U.S. Sugar Program Hurts Businesses and Kills Jobs
CBS San Antonio affiliate KENS 5 reports that a San Antonio candy company, Judson-Atkinson Candy Company, has ceased operations after 110 years of making candy. The company has been forced to lay off more than 100 employees, and currently has only 14 people in its production facility. The family-run business says that the company simply can’t compete with firms outside the U.S., since domestic companies pay more for candies’ main ingredient: sugar. According to the owner of the company, Amy Atkinson Voltz, the candy company pays more than twice the international price for sugar, which caused an additional $2 million in costs for the company. “It’s totally unfair competition,” Atkinson said. “It’s been really hard. We had to bring in employees who had worked here 20-plus years and tell them that we were not going to produce candy right now.”
With the costly and unnecessary U.S. sugar program, it’s no surprise that American candy and beverage manufacturers have a hard time competing against international products from countries like Brazil and Mexico. While some domestic manufacturers are able to switch to alternative products like high fructose corn syrup, its application is limited in the candy manufacturing and baking industries.
The U.S. sugar program, part of the 2008 Farm Bill, is a policy that protects sugar producers at consumers’ and manufacturers’ expense. At the same time the program increases sugar expenditures by American consumers and manufacturers by about $2.4 billion, it adds $1.4 billion in extra income for sugar producers.
The costs go beyond businesses’ and consumers’ pockets. A U.S. Department of Commerce report found that from 1997 to 2009, more than 112,000 jobs were eliminated in the sugar containing industries. Supporters of the program claim that artificially inflating sugar prices supports jobs in the sugar producing sector. But, according to the same report, for every job in that sector, approximately three jobs are lost in the sugar containing industries. Unsurprisingly, there are around 600,000 sugar using jobs in the United States, as opposed to only 20,000 jobs in the sugar producing sector. Artificially propping up a few jobs with few beneficiaries at a larger group’s expense is inefficient and inexcusable.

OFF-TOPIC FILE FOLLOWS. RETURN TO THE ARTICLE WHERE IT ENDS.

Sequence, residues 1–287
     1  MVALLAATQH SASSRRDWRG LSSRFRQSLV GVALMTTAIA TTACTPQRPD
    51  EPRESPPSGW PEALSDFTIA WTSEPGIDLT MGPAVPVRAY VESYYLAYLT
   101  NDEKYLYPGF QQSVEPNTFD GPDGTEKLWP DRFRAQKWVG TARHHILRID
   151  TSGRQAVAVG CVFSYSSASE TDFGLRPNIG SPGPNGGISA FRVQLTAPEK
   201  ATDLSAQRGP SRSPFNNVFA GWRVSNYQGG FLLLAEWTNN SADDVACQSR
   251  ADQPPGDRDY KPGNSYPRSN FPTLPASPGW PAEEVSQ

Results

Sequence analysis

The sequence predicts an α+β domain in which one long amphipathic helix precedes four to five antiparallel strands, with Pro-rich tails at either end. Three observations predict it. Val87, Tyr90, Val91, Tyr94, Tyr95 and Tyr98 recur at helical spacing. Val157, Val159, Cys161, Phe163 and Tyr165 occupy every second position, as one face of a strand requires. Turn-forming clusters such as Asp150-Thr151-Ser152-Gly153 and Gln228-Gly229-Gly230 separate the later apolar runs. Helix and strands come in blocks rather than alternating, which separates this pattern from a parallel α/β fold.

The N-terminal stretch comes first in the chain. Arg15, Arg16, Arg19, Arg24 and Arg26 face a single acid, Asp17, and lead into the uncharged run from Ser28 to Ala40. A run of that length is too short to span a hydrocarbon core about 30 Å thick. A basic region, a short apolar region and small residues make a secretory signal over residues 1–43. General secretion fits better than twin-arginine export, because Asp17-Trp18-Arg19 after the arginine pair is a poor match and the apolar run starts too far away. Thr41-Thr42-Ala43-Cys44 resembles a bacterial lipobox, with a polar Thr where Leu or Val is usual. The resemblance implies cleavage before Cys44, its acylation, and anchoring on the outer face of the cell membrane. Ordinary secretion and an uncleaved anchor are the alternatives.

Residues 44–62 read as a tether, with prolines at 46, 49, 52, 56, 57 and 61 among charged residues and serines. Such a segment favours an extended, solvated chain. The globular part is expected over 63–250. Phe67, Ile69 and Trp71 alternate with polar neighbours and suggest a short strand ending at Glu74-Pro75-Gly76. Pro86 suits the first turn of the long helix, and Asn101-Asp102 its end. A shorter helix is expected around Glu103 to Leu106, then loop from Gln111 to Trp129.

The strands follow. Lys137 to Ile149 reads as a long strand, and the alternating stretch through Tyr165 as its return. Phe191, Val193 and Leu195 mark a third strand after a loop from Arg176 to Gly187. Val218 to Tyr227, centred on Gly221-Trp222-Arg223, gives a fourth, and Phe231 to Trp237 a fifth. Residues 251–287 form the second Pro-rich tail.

In a time of high unemployment (9.1 percent in August), politicians should move to eliminate programs that increase the federal budget deficit and eliminate jobs. Companies like Judson-Atkinson, and larger ones like Hershey, are forced to close facilities or move them to other countries as a result of expensive sugar in the United States. And while labor cost differences are real and play a role in companies’ bottom line, artificially expensive inputs do not help United States’ competitiveness.